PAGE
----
Hard Rock’s Dominican Republic resort, where two U.S. tourists died, pulls minibars from all rooms
The resort said in a statement that it is also contracting with a U.S. health care facility to ensure that the clinic at the resort “is complying with all international and U.S. standards of care.”
The move comes on the heels of the news that celebrity Steve Harvey has dropped plans to hold his third annual Sand and Soul Festival at the Hard Rock Hotel and Casino, which is in Punta Cana. The event, planned for October, is being canceled because of concerns about tourist safety in the Dominican Republic, where at least 11 U.S. tourists are known to have died in the past year after suddenly falling critically ill at all-inclusive resorts. Another U.S. tourist died in a luxury resort on the popular Caribbean vacation spot in 2016.
Dominican authorities have insisted from the time the first deaths were reported in May – when news broke that a Maryland couple were found dead in their room — that they were triggered by natural causes. But because the families of the tourists have raised doubts, saying that their loved ones had been generally healthy and showed no signs of illness prior to suddenly getting sick and dying in the Dominican Republic, Dominican authorities and the FBI are conducting tests of the minibars.
“Today, June 21, 2019, the Ministry of Public Health in the Dominican Republic has released further information on the American tourists who passed away in 2019, including autopsy findings that reveal these deaths were unrelated and from natural causes and pre-existing conditions,” the resort statement said. “We are deeply saddened by these unfortunate incidents, and extend our sincerest sympathy to the families of those affected. We will continue to respect the privacy of our guests and their families.”
“The safety and health of our guests is now, and has always been, our highest priority,” the statement continued. “Hard Rock Hotel & Casino Punta Cana follows internationally recognized regulations regarding guest health, sanitation and security.”
Questions have arisen about whether the tourists who died after consuming a beverage actually drank bootleg or counterfeit alcohol, where sometimes a legitimate brand of alcohol, or water, is mixed with a lesser grade and sometimes deadly substance such as methanol and other indigestible alcohol compounds and chemicals. Safeproof.com says that methanol, “a common additive to solvents, antifreeze and other industrial products is deadly for human consumption.”
The Hard Rock statement said the resort implements “rigorous food and beverage protocols, including purchasing products from U.S. licensed and reputable vendors, as well as daily inspections of all products served throughout the hotel.”
“Additionally, our team members are trained to inspect all supplies, equipment and products that enter the property,” it continued. “The property employs more than 70 security personnel per shift and has hundreds of cameras on property to provide the utmost safety for guests and team members.”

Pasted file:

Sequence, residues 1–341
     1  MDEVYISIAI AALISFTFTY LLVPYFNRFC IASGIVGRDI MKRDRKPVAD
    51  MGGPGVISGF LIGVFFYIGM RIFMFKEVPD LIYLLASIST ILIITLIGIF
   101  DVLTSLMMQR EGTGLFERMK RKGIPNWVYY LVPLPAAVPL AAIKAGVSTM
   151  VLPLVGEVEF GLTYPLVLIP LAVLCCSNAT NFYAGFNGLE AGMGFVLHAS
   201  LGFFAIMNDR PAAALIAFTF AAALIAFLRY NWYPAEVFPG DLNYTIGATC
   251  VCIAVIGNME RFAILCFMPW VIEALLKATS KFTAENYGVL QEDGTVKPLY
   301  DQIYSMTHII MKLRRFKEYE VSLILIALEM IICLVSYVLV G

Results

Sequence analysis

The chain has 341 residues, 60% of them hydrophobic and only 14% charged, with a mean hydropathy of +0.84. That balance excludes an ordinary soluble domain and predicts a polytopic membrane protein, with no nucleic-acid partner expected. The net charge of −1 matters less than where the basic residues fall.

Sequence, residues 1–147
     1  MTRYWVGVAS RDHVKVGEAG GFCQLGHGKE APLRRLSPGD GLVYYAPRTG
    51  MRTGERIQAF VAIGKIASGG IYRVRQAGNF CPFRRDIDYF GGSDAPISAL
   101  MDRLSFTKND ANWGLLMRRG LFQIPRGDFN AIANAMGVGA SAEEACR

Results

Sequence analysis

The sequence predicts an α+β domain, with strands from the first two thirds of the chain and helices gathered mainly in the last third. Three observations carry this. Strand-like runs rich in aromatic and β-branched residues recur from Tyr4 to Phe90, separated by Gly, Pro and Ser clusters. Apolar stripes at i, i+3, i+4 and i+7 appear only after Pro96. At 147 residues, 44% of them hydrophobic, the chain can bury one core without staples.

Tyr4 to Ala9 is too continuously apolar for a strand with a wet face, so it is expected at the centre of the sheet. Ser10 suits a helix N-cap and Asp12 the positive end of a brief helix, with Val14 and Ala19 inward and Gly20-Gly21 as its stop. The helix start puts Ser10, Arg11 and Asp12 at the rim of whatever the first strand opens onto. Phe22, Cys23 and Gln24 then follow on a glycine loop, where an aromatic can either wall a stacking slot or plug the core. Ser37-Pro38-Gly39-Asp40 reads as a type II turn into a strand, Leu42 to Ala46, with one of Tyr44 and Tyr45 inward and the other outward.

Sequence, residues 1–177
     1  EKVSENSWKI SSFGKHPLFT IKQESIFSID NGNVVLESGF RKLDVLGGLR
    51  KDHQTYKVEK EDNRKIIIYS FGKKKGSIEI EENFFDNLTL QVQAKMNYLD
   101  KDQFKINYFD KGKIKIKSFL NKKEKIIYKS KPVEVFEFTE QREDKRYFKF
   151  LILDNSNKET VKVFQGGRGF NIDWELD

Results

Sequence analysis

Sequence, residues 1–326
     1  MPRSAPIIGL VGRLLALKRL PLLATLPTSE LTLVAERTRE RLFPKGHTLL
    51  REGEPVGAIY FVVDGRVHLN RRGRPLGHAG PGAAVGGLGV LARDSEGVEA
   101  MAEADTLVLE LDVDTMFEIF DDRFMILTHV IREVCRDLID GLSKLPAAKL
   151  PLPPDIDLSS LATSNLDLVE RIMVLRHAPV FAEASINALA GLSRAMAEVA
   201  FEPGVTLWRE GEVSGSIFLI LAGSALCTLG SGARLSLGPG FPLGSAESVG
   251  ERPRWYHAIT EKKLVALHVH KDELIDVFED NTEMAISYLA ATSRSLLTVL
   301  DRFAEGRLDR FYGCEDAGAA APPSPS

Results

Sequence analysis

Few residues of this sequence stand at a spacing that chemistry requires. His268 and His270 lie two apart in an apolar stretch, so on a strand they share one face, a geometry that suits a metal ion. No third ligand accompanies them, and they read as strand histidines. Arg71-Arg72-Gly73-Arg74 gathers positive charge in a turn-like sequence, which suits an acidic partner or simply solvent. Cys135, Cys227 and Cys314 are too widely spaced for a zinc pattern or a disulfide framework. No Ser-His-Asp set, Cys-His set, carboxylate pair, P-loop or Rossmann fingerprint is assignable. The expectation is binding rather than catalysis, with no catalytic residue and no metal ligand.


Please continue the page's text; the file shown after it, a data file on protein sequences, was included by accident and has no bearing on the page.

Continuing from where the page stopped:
Two of the known 12 U.S. tourists who died fell suddenly ill while at the Hard Rock resort.
Robert Bell Wallace, 67, of California, became ill almost immediately after he had a scotch from the room minibar at the Hard Rock resort, his niece, Chloe Arnold, told Fox News. Wallace, who died on April 14, was in the Dominican Republic to attend his stepson’s wedding.
Arnold said her uncle, an avid traveler, had been in relatively good health and just the month before had been skiing in Lake Tahoe.
“He was fine,” Arnold said of her uncle, who owned a construction business and whose obituary page was filled with comments about his generosity and compassion. “He and his wife arrived there at around midnight on April 10. On April 11 he had scotch from the minibar. He started feeling very sick, he had blood in his urine and stool right afterward.”
In July 2018, David Harrison, 45, became severely ill in his room at the Hard Rock resort and died at a hospital.
His widow, Dawn McCoy, said that it took nearly a half hour for a doctor to show up at the resort room, where her husband’s condition had been deteriorating quickly. A funeral director came over to her at the hospital to tell her that Harrison was dead. Like many relatives of the other U.S. tourists, McCoy said she was repeatedly pressured to cremate her husband’s body.
On Saturday, McCoy said on “Fox & Friends” that she does not trust what Dominican authorities told her about her husband’s death.
The Hard Rock statement noted “All of the alcohol on property will continue to be brand name and sourced from the U.S., with the exception of a Dominican Republic specialty, Mama Juana, and local beer, Presidente, that we carry to support our community.”
The resort also noted that while it has been inspected by the Ministry of Public Health, it nonetheless has contracted a U.S. third-party testing lab “to provide inspections and laboratory testing of all food and beverage products and public spaces.”
The Nickelodeon Hotel & Resort in Punta Cana, which has not had any reported U.S. tourist death, meanwhile, is purportedly scrambling to find out what made former “Bachelorette” star Melissa Rycroft severely ill during her stay at the resort recently.
Page Six quoted a representative of Rycroft as saying she was still very ill, battling “major stomach issues” even after being back in the United States.
TMZ, the celebrity gossip site, reported that its sources say “the Nickelodeon Resort is freaking out and lots of people are canceling their reservations, though it’s unclear if news of Melissa’s mysterious illness is the reason for the cancellations, or simply the general hysteria involving tourist deaths on the island.”
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